Please Note: This article is written for users of the following Microsoft Excel versions: 2007, 2010, 2013, 2016, 2019, and Excel in Office 365. If you are using an earlier version (Excel 2003 or earlier), this tip may not work for you. For a version of this tip written specifically for earlier versions of Excel, click here: Printing Workbooks in a Folder.

Printing Workbooks in a Folder

by Allen Wyatt
(last updated January 16, 2021)

1

Have you collected a bunch of workbooks in a folder, and you want to print all of them at once? There are a couple of quick and easy ways you can do this. The first method involves the use of Windows, not Excel. Follow these general steps:

  1. Display the folder that contains all the documents you want to print.
  2. Create a selection set of the documents you want to print. (Select them all, using Ctrl and Shift to help put the selection set together.)
  3. Right-click on one of the selected workbooks. Windows displays a Context menu.
  4. Choose Print from the Context menu.

Excel is automatically started and each workbook is printed, in turn. You can also apply a variation on this approach:

  1. Display the Open dialog box. (In Excel 2007 and Excel 2010, just press Ctrl+O. In Excel 2013 press Ctrl+O and then click Computer | Browse.) In later versions of Excel press Ctrl+ O and then click Browse.
  2. Using the controls in the dialog box, display the folder that contains the workbooks you want to print.
  3. Create a selection set of the workbooks you want to print.
  4. Right-click the selection set and choose Print from the resulting Context menu.

ExcelTips is your source for cost-effective Microsoft Excel training. This tip (11166) applies to Microsoft Excel 2007, 2010, 2013, 2016, 2019, and Excel in Office 365. You can find a version of this tip for the older menu interface of Excel here: Printing Workbooks in a Folder.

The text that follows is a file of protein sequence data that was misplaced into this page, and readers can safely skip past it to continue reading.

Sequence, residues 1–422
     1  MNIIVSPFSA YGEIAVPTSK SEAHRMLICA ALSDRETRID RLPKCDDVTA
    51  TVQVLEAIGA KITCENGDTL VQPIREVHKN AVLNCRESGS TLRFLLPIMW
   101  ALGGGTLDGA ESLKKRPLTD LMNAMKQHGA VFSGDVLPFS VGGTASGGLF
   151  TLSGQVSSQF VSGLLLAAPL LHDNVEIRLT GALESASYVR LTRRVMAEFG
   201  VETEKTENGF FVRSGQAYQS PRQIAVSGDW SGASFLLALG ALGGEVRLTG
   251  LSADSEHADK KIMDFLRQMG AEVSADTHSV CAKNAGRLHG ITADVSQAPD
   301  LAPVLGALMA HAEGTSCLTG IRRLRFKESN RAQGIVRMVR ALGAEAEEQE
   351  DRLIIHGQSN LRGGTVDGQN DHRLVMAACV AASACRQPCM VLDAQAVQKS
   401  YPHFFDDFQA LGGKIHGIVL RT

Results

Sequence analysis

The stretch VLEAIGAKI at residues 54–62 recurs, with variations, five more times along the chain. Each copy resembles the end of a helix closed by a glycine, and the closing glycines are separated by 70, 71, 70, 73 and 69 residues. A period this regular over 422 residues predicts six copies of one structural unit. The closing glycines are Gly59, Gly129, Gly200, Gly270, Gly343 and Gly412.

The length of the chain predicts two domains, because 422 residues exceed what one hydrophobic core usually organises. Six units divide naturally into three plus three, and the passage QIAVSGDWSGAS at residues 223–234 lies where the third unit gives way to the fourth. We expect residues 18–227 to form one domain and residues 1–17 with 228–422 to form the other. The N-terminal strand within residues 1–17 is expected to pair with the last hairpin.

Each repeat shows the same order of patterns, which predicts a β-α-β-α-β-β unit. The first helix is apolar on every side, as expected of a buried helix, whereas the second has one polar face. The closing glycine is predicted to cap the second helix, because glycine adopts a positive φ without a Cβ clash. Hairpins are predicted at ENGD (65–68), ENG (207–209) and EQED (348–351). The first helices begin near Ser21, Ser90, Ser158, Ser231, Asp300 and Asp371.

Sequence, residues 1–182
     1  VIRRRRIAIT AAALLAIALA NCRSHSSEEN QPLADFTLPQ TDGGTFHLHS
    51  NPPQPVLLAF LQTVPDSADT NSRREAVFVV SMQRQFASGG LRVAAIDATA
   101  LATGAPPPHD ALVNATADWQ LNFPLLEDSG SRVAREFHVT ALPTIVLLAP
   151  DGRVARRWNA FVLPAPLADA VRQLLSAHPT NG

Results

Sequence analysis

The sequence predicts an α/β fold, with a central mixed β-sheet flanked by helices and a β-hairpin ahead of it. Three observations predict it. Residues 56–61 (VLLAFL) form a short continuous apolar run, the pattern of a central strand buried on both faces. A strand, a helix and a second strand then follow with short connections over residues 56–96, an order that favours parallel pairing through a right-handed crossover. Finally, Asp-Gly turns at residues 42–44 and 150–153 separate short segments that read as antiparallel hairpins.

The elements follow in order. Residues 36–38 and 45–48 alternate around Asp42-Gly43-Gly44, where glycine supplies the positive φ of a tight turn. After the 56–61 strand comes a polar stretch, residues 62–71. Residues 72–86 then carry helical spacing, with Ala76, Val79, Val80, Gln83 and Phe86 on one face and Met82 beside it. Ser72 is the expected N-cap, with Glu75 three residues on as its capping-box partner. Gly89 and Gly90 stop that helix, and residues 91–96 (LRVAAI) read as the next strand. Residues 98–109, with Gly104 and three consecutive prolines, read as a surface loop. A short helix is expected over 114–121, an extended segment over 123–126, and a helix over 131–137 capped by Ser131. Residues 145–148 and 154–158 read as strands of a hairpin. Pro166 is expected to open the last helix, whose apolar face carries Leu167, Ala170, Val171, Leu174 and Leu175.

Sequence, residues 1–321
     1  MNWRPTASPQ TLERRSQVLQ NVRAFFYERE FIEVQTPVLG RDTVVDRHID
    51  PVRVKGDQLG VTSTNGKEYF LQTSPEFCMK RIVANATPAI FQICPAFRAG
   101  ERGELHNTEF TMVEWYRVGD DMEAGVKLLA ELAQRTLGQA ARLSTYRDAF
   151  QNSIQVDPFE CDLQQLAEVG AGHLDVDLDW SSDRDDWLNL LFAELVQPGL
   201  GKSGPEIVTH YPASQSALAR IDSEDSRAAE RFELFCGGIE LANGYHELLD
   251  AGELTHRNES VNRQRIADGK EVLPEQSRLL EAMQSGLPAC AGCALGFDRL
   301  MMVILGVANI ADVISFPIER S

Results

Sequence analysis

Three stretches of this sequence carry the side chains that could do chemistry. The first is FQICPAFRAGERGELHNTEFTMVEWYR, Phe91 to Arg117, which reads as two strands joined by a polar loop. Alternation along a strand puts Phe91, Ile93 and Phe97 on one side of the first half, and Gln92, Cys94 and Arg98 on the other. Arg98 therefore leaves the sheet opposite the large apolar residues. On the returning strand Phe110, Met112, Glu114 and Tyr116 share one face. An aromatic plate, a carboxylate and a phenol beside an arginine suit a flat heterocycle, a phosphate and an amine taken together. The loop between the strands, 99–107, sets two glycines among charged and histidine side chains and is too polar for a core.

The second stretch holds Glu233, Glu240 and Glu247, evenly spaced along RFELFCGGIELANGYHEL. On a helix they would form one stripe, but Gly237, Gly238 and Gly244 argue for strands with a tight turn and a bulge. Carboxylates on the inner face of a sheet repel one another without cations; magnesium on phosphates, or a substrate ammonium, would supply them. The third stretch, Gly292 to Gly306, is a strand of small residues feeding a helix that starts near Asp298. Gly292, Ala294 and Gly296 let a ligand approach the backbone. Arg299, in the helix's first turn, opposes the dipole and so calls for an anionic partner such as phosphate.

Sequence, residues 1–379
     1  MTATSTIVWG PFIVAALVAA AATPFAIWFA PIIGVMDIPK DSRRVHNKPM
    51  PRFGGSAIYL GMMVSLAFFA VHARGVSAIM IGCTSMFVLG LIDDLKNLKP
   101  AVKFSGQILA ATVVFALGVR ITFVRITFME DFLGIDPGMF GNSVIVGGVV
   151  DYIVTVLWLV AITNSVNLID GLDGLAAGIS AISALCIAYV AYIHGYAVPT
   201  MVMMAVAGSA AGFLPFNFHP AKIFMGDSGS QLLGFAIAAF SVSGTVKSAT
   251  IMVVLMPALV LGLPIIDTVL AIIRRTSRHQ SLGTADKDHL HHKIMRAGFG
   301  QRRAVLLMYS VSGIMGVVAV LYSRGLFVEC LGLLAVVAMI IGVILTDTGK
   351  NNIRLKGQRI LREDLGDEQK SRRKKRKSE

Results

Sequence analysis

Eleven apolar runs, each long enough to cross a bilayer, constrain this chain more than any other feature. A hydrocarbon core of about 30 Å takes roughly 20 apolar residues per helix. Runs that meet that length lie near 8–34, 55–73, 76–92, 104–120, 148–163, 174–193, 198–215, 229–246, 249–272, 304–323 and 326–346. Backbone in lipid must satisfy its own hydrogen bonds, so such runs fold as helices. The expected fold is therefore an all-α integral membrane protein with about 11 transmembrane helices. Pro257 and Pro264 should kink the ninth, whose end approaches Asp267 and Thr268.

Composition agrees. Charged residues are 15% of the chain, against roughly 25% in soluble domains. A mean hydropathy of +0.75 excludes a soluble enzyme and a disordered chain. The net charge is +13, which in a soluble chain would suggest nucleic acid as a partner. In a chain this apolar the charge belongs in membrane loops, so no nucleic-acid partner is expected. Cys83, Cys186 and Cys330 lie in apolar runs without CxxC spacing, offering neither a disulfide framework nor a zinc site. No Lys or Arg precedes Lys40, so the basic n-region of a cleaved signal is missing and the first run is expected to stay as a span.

Author Bio

Allen Wyatt

With more than 50 non-fiction books and numerous magazine articles to his credit, Allen Wyatt is an internationally recognized author. He is president of Sharon Parq Associates, a computer and publishing services company. ...

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What is 5 + 7?

2021-01-16 22:36:18

Roy

Yeah... no workee, the doing it from the File|Open function. Always founders after the first printing saying there's a dialog box open.

Fine from Explorer though if the order they print in is important to you, you must select them in that order... AND EVEN THEN, the one you want printed FIRST has to be selected LAST.

That's a problem with anything you select in Explorer. It feeds through into any Office program, maybe into non-MS programs too. (I'm sure it does, it's just I don't use any in which I can test the thought since, for example, I only use Excel, not, say, Google's spreadsheet too, and most, say, accounting programs don't really have functionality that's affected.)

The problem is that the first thing selected acts as the end of the list, period. So set up a range in Excel that you want a user to select for his input (he sees a thing with selections, you work the magic in the background) and it selects the seven, say, cells he is allowed to edit with the starting one selected all ready for him to go... to do that, you have to build the range in order selecting that first, starting position cell last. Not first as you'd think.

Same thing here. Six files to print and order matters? Select them in the order you want except select the first to be printed last. So file 1-6 to be printed 2,4,6,3,5,1 would have to be selected in this order: 4,6,3,5,1,2.

Office 365, up to date when adding this comment, as regards "What version?" where the dialog box error is concerned. But I have tried this a few times over the years, since the early 90's when MS began touting the concept along with dragging a file icon onto a printer icon to print things. It's always had this issue, in my experience, as well as the "select the first to print (or 'to whatever') last" issue.


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